TRANSCRIPT: ABC RADIO, Tasmania, Monday. 9 May

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THE HON TANYA PLIBERSEK MP
DEPUTY LEADER OF THE OPPOSITION
SHADOW MINISTER FOR FOREIGN AFFAIRS
AND INTERNATIONAL DEVELOPMENT
MEMBER FOR SYDNEY

E&OE TRANSCRIPT
INTERVIEW
ABC RADIO NORTHERN TASMANIA
MONDAY, 9 MAY 2016

SUBJECTS: Labor candidate Ross Hart; New UTAS campuses; Tamar River; Liberals' unfair cuts to health and education; Liberals' unfair tax cuts.

PENNY TERRY, ABC RADIO NORTHERN TASMANIA: You'll be seeing a lot of election material over the next eight weeks, on the websites and in the brochures of your local candidates. They'll be telling you about the issues and the projects that are important to them. But how many of those projects and how many of their passions can you actually expect them to get money for. I spoke with the Deputy Leader of the Opposition, Tanya Plibersek, about this while she was visiting Tasmania today.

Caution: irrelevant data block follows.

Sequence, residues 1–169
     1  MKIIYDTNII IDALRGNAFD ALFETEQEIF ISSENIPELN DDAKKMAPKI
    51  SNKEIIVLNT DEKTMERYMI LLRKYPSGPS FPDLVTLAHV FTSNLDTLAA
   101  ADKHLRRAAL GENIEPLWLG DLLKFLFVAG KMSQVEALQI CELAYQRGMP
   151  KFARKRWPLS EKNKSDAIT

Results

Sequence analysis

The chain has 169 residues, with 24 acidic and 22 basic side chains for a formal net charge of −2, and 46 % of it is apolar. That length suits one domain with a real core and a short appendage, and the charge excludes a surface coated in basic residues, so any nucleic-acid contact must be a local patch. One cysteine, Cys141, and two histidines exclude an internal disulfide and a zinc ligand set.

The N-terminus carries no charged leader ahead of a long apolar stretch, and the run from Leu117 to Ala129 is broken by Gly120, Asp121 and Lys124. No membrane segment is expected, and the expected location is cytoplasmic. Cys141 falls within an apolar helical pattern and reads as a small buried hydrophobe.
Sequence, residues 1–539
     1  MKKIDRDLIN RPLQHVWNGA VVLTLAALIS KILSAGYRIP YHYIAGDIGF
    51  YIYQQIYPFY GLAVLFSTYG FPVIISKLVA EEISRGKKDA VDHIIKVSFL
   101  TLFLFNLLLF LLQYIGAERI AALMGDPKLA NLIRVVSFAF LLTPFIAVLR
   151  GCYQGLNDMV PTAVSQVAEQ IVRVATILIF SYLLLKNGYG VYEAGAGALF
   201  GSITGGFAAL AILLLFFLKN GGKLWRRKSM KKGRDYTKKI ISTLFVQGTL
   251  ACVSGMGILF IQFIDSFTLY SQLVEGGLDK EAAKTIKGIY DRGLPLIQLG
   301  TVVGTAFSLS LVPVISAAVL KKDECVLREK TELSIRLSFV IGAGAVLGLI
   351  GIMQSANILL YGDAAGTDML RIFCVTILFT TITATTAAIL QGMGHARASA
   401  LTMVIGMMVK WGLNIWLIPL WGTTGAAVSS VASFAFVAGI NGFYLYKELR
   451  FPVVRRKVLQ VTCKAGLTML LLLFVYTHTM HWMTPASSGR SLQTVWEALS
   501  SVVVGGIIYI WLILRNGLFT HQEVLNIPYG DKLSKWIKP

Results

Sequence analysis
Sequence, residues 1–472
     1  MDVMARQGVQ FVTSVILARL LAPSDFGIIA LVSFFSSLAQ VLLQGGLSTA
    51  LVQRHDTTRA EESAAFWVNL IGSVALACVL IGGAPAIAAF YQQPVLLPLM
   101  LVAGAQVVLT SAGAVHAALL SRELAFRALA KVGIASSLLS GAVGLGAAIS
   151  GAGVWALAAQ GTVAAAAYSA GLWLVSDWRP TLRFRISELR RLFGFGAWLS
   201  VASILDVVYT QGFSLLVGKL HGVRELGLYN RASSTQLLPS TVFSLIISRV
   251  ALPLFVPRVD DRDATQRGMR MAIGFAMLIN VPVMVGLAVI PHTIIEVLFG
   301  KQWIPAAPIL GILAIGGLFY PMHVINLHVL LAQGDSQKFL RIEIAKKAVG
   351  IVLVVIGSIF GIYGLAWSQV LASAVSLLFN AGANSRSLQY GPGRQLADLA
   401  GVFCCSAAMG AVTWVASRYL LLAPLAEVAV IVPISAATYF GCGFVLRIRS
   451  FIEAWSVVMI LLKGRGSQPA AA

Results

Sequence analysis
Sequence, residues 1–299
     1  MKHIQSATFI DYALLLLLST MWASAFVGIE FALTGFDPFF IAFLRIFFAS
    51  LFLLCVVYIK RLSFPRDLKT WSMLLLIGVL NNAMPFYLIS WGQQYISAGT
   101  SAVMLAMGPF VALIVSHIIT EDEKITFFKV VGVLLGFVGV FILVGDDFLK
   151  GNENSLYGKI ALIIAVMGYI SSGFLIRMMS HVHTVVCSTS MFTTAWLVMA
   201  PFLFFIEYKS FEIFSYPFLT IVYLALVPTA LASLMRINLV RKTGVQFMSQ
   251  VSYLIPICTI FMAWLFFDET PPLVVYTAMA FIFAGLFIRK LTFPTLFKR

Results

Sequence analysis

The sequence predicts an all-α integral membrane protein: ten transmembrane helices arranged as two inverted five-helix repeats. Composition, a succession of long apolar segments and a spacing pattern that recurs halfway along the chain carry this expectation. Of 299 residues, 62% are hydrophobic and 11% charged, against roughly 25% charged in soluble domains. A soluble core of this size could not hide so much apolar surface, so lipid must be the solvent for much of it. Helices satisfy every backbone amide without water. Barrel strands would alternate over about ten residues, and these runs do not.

TANYA PLIBERSEK, DEPUTY LEADER OF THE OPPOSITION: Well, I never need an excuse to come to Tassie, I actually really love it here and we like to have our family holidays here, but that's not the reason that we're starting the campaign here. I think Tasmanians know that there was nothing in the Budget for them last week and I'm down here today to say that we think a Labor Government would be better for Tasmanians. If you look at last week's Budget - we're in the seat of Bass today - 82% of people in Bass don't get a tax cut because they don't earn over that magic $80,000 a year figure. We know that in Tasmania only 1% of Tasmanians actually earn more than $180,000 a year, so those people who are lucky enough to get a double tax break in this Budget and they are not living in Tassie either. And Tasmanians still cop all of the same cuts that were there even from the 2014 Budget. So if your, say a working mum ear ning $65,000 a year with 2 kids in high school, you'll actually be $4,700 a year worse off under this Budget. So starting out the campaign, I suppose we are saying to Tasmanians, there is very clearly a choice between a Labor Party that puts people first and a Liberal Government that has got the same old cuts and tax benefits that go to the top end of town and big business.